Primary could have big impact

Indiana voters once again could have a say in who gets the nomination for president, and that means Johnson County has to be ready for a big turnout this spring.

Since Republican Party candidate John Kasich won Ohio over current leader Donald Trump this week, Indiana’s primary race could be a deciding factor for the GOP nominee, Johnson County Clerk Sue Anne Misiniec said. Typically, Indiana voters are not a significant deciding factor on who gets their party’s nomination because our elections are later than most other states.

But with the primary election less than two months away, and no clear candidate decided, that could mean Indiana voters will have more of a say.

More than 102,000 Johnson County residents are eligible to vote in the primary election. Typically, the county election board tries to decide on the number of voting centers needed earlier in the year, but with no clear presidential front-runner for the Republican or Democratic parties, it has been hard to estimate how many spots are needed to handle the demand of voters, she said.

“The reason I kind of dragged my feet is we still didn’t know what was going to happen,” Misiniec said. “We might become a big key player.”

Misiniec anticipates a larger crowd for this year’s primary, due to both local contested races and voting for the next president, she said.

The county is planning to have 21 vote centers open on Election Day, which is eight more than the last primary when only residents in cities and towns could vote. And seven polling sites will have double the amount of volunteers for the primary election, Misiniec said. Voting centers are required to have at least four poll workers at each location along with an inspector, but those sites will have at least eight, she said.

In addition, the county is doubling the number of sites where residents can vote early in the two Saturdays before Election Day, Misiniec said. Early voting begins April 5, and early voting centers will be set up at six locations by the end of the month.

If the vote centers are swarmed during the primary election, Misiniec will consider adding more sites or increasing the early voting hours at existing spots for the general election, she said.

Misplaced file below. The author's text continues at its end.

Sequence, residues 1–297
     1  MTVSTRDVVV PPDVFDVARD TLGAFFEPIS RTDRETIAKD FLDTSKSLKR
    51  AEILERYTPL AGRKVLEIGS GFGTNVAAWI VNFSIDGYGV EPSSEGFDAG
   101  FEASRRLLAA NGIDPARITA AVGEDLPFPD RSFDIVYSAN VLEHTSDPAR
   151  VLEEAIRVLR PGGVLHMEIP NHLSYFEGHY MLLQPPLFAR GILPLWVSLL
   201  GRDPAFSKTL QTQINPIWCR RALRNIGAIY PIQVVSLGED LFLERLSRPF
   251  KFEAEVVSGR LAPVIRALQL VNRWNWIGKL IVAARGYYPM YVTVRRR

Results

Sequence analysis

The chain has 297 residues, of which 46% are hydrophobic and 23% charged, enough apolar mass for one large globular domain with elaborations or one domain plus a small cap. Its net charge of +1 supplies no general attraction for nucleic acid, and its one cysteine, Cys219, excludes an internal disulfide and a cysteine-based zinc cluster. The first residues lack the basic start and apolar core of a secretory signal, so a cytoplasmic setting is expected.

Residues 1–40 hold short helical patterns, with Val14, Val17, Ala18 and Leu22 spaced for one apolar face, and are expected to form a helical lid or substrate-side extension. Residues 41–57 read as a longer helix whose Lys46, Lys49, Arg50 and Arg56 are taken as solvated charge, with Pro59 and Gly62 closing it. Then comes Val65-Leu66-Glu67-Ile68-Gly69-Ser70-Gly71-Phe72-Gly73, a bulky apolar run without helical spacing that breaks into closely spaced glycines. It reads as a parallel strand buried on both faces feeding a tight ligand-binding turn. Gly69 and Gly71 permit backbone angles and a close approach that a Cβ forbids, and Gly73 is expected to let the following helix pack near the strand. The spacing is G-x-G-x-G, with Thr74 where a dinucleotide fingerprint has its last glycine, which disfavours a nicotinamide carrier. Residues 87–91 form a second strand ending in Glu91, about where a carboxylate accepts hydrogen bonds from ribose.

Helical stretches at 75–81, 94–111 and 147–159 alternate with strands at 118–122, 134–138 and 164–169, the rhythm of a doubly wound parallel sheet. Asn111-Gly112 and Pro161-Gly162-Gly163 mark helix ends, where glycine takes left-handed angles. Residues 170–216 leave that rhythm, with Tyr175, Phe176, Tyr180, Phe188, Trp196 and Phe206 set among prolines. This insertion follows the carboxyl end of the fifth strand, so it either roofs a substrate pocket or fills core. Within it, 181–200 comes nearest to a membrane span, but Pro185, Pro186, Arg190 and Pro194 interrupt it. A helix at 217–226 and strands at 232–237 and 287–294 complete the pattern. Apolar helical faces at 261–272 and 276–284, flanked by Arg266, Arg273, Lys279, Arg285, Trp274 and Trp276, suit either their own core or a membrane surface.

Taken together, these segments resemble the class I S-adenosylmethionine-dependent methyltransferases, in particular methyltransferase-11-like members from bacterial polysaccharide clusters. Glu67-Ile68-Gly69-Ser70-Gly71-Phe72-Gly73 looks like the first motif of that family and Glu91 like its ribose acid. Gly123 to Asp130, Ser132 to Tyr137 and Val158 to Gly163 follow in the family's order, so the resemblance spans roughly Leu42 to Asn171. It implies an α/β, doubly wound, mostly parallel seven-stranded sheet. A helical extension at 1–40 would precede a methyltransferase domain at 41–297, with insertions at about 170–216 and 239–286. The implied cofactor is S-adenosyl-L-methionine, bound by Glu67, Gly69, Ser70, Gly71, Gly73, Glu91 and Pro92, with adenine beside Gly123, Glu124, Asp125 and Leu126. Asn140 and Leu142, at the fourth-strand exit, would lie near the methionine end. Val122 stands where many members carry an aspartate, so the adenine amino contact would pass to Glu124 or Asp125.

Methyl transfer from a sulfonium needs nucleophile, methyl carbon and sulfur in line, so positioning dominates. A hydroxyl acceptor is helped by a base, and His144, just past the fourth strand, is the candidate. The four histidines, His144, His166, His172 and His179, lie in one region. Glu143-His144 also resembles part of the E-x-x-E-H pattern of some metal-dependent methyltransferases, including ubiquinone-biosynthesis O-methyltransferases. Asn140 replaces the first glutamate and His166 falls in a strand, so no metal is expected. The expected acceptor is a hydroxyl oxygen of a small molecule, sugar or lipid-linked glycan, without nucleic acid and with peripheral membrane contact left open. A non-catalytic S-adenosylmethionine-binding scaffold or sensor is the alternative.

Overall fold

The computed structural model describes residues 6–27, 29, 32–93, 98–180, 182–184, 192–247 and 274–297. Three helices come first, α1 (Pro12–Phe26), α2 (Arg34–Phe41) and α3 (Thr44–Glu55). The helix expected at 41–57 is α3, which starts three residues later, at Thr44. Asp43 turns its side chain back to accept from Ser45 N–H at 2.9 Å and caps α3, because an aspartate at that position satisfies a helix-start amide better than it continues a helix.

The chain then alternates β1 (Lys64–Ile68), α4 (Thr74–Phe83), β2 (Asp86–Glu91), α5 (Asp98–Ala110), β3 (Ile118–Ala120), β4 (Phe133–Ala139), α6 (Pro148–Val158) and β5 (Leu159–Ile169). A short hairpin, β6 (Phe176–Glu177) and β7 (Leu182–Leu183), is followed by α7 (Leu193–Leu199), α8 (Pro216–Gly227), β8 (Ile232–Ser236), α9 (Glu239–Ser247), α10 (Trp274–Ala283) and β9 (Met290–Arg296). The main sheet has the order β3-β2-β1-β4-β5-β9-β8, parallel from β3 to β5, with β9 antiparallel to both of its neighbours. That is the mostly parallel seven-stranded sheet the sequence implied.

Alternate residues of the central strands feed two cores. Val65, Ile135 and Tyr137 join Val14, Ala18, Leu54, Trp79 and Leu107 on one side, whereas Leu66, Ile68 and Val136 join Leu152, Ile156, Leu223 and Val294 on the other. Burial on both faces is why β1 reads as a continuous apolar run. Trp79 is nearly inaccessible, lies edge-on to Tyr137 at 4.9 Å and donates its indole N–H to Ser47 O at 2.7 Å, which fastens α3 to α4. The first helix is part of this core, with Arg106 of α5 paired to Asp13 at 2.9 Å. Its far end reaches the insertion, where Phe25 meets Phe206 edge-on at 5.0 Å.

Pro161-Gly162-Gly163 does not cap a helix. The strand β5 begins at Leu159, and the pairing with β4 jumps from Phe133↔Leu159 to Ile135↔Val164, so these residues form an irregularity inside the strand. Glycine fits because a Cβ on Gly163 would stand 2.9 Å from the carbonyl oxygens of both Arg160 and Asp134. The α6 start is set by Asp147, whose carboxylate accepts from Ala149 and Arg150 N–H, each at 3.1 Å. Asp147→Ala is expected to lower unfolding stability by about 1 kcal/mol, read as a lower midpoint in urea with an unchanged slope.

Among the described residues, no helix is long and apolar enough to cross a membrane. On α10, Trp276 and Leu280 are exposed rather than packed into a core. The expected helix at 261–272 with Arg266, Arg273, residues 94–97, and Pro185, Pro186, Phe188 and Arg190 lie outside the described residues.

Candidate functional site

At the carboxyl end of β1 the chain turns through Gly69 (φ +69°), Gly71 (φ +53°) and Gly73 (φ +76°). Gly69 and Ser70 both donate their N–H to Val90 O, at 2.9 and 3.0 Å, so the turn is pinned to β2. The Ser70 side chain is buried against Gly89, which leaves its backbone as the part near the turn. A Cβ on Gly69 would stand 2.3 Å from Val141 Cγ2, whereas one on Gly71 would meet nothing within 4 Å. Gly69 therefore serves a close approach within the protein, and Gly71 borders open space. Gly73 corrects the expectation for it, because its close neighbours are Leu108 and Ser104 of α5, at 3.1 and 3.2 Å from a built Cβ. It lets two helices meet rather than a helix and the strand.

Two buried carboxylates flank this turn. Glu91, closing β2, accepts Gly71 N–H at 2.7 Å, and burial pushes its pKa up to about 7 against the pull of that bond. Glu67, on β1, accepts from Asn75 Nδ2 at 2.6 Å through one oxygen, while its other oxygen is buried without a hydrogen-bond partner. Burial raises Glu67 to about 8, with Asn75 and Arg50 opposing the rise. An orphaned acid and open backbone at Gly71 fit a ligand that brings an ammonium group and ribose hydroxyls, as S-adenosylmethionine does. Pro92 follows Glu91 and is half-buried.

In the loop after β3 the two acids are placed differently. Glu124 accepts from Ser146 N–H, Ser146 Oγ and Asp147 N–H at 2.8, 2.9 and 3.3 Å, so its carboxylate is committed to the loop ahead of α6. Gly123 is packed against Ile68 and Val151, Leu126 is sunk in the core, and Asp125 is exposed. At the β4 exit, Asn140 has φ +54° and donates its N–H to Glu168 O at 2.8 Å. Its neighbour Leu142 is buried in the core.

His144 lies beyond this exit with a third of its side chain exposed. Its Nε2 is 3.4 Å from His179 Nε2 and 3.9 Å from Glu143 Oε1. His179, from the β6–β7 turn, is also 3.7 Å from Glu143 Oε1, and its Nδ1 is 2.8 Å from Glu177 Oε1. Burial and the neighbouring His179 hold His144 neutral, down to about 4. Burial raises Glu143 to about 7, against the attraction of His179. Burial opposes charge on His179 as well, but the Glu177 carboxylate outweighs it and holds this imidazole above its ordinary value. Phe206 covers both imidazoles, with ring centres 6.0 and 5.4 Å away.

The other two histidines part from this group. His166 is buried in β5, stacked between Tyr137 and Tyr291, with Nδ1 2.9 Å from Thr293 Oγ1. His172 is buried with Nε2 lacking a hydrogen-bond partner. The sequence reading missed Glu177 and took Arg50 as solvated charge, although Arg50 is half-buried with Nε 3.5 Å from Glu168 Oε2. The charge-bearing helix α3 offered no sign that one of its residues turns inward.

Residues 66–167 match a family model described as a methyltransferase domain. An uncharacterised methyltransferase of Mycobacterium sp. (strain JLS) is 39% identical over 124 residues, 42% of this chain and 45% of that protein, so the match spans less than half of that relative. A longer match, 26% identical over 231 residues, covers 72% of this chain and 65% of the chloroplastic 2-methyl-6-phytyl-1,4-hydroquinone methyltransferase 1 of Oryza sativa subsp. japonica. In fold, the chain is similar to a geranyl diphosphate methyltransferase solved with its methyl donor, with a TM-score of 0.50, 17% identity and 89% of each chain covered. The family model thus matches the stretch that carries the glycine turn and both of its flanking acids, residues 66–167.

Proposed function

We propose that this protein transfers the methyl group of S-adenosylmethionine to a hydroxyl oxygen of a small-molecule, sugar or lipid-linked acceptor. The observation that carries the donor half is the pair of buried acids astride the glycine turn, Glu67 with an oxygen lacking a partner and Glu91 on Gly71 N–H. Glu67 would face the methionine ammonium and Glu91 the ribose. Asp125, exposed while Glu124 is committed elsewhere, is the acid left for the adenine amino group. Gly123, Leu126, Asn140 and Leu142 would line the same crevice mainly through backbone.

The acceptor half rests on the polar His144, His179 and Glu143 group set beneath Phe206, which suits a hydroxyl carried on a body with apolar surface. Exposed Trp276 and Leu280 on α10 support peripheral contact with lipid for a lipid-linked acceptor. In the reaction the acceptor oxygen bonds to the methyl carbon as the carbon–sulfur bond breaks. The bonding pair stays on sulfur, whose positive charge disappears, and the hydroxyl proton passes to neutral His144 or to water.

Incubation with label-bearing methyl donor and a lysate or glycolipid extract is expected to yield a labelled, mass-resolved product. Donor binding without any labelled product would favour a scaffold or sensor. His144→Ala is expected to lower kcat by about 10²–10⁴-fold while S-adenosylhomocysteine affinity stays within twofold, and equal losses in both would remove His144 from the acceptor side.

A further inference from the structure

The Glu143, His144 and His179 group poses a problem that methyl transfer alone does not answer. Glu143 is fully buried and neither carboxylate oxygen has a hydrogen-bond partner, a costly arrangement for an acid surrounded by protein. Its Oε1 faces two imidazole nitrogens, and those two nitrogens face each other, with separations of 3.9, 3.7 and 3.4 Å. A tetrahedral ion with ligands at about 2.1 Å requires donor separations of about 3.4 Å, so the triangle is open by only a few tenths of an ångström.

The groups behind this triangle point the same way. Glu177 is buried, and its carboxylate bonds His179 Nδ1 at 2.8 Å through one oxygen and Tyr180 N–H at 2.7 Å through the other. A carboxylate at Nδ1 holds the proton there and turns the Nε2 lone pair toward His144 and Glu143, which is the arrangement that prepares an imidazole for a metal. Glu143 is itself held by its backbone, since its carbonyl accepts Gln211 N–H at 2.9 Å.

“We know, regardless, it’ll be a big turn out this fall,” Misiniec said.

Both parties are registering last-minute voters for the primary election, and getting people scheduled to work at vote centers for both the primary and general election. Next week, representatives of both parties will visit Greenwood Village South assisted living facility to make sure residents are registered to vote, Rapp said.

Residents have been contacting representatives from the Democrat and Republican parties to ask if they can work at one of the polling sites on Election Day, said Democrat Party vice president Cindy Rapp and Republican Party Chair Beth Boyce.

“In a presidential year, you have so many that are aware of the election that maybe in an off year, they wouldn’t (be),” Boyce said.

Within the next few weeks, candidates will be allowed to put up lawn signs throughout the county, and voters will also hear from them in phone calls, door-to-door campaigning and advertisements by mail, and some of that has already begun, Boyce said.

After the primary, both parties are planning on having a voter registration booth at the Johnson County Fair and the Greenwood Freedom Festival this summer, Rapp and Boyce said.

Registration deadline

Voters who need to register for the first time or update registration before the primary election have until the deadline on April 4. Here is a look at how to register:

– If you mail in your registration application, the form must be postmarked by April 4.

– Applications can be filled out at the clerk’s office in Johnson County courthouse, 5 Jefferson St., Franklin, or at any license branch.

– Voters can also apply online by going to